Maggie Stiefvater Gives Away Bookplates!

Maggie Stiefvater is one of my favorite YA authors. Her Wolves of Mercy Falls trilogy saved weres entirely for me (sorry, Jacob Black).
I liked her Scorpio Races, but I loooooved The Raven Boys. Maggie writes beautifully, and she creates characters that make it hard for me to breathe, know what I mean?

Now, she’s giving away Raven Boys bookplates. With art she creates. I can’t even.

She tweeted directions on how to obtain your own sweet plate, so I’m doing it.

I read The Raven Boys via NetGalley, but I immediately ordered a copy when I finished the galley. For now, here’s my pic of TRB.

I am so excited for the quartet she’s working on.
And I can’t wait for the bookplate and the shiny new hardcover I’ll put it in!



NetGalley Nooner

One of my (newfound) favorite things about being a book blogger/semi-legitimate journalist is NetGalley.

I freak out over books in general, and not-yet-published-for-the-masses books especially. Every time I’m approved for a new NetGalley book, I do a little happy dance.

That’s not hyperbole. I dance. Every time.


So, every so often here at SeeSavRead, I’ll post a NetGalley Nooner- which books I’ve got piling up in my To Read account, which I’m currently reading, and which I’m superduper excited about.


First, the SuperDuper Excited About one:

Jesse Andrews' book

I first heard about Jesse Andrews’ debut novel, Me & Earl & the Dying Girl, from That Cover Girl’s AuthorThoughts post. Brilliant cover? Check. Hilarious author interview? Check. Much capital-letter-texting to That Cover Girl when I downloaded the galley? Supercheck. I trust TCG’s book opinions implicitly (even if we sometimes disagree when LOVING/LOATHING some books), so I believe this is going to be a great read.



The Currently Reading one:

Margarita Engle

The Wild Book, by Margarita Engle. This is a good one. It is musical, almost. It reminds me, in a way, of one of my most favorite books: In the Time of the Butterflies, by Julia Alvarez. But, a review will be forthcoming this week, so I can’t spill much more than that now.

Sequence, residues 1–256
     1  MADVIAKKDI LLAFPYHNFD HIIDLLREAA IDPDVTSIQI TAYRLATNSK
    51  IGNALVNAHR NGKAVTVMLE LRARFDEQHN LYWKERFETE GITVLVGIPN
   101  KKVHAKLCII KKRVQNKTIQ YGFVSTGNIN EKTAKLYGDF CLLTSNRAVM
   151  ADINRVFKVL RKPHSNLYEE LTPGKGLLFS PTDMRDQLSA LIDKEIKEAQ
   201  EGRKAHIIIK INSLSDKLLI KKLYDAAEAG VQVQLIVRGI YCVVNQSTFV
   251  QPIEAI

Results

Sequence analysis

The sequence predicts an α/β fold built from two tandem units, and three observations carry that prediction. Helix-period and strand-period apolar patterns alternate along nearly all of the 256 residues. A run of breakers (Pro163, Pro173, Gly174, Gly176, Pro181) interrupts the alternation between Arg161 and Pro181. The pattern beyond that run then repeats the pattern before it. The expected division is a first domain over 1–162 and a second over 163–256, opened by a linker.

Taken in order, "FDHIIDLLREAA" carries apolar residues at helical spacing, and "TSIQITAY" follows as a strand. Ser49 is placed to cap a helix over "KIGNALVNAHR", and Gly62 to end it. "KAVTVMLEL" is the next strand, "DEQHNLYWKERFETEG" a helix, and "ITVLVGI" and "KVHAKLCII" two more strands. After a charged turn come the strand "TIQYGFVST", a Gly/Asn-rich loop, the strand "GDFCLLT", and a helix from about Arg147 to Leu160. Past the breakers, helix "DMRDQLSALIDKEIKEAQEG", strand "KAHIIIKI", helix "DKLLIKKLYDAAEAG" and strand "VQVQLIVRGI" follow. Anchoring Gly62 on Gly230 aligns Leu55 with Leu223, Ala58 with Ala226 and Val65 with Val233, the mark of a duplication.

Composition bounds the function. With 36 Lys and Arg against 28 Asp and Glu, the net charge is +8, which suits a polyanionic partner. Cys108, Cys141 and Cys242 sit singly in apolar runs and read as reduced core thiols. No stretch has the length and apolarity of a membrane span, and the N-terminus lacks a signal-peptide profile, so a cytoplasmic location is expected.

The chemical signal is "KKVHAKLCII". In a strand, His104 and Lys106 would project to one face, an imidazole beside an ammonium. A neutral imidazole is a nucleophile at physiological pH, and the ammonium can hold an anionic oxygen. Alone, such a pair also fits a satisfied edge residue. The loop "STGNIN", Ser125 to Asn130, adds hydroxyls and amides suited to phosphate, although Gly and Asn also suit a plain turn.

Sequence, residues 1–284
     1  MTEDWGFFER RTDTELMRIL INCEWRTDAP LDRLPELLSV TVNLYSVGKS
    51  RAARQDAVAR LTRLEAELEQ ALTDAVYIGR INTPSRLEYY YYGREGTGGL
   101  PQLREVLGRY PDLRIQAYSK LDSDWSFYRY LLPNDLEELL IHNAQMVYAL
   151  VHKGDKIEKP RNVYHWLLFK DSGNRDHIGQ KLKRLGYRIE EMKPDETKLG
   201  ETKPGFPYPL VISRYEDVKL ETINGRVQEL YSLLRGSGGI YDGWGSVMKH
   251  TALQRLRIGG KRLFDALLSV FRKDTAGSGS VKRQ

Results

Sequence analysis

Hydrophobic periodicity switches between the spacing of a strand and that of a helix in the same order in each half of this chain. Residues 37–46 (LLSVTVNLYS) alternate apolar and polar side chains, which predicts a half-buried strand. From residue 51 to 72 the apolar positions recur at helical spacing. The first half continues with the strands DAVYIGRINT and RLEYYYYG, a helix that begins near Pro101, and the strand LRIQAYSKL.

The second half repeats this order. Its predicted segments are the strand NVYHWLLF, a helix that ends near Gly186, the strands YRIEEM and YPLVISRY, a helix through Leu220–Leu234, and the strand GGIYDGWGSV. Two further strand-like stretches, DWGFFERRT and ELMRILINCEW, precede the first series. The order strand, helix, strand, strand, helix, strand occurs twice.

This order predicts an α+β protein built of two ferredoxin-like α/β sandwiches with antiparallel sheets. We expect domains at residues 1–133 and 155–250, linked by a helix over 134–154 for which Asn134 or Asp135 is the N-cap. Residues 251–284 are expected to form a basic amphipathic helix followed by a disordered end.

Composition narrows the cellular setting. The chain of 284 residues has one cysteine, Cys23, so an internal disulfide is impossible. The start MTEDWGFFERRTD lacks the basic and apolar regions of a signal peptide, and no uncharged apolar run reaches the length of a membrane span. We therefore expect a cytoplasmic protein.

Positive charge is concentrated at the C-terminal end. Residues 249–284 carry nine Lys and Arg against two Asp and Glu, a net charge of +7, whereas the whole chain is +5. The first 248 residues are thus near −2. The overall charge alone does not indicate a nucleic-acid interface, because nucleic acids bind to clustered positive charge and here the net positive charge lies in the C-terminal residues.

The Piling Up one:

Kathi Lipp

I started reading this one, and highlighted the everloving mess out of it within the first three chapters. Kathi Lipp presents The Get Yourself Organized Project as an alternative to all the other Get Organized books out there, and I stand by her 100%. I haven’t finished it yet (or, ok, started any of the 21 projects she lays out yet), but I am really also pretty excited about this one.



These are just the first three of my fourteen current NetGalley books.

Oh, the dancing never ends.




John Green wins Best Author’s Note Ever award

It’s a prize I just made up, but still. John Green wins.

The book world has been abuzz over Green’s latest novel, The Fault in Our Stars, for many moons, and finally, I have a copy in my happy little hands. I’m nervous about it, not because I’ve heard so many wonderful things about it (which I totally have), but because John Green is a super fantastic writer who makes me FEEL things and THINK about things with my heart and my head.

As soon as I opened TFiOS, I knew I was doomed. Doomed to feel and to think. And, probably doomed to love it, too.

It almost didn’t even matter what came after it, because the Author’s Note was so fantastic and so right and so true, that I FEEL and THINK it should be included in every novel ever written from now on. I’m trying to make you money here, John Green. There’s probably a large, untapped market for Permanent Author Notes. Maybe.

This is not so much an author’s note as an author’s reminder of what was printed in small type a few pages ago: This is a work of fiction. I made it up.
Neither novels nor their readers benefit from attempts to divine whether any facts hide inside a story. Such efforts attack the very idea that made-up stories can matter, which is sort of the foundational assumption of our species.
I appreciate your cooperation in this matter.

Wow, you guys. It made my little author-crushing, story-loving, book-obsessing self tear up.
Stories matter! Fiction is important! YA books are in no way Less Than all of the Serious Literary Works!
There is so much that John Green says in those few sentences, and I love every word of his message.

And then I started reading the actual book, and by page 37 I was 100% in love with the main characters and the unfolding tale. Heaven help me.

John Green. You win again. Please keep your acceptance speech under three minutes, then exit stage left.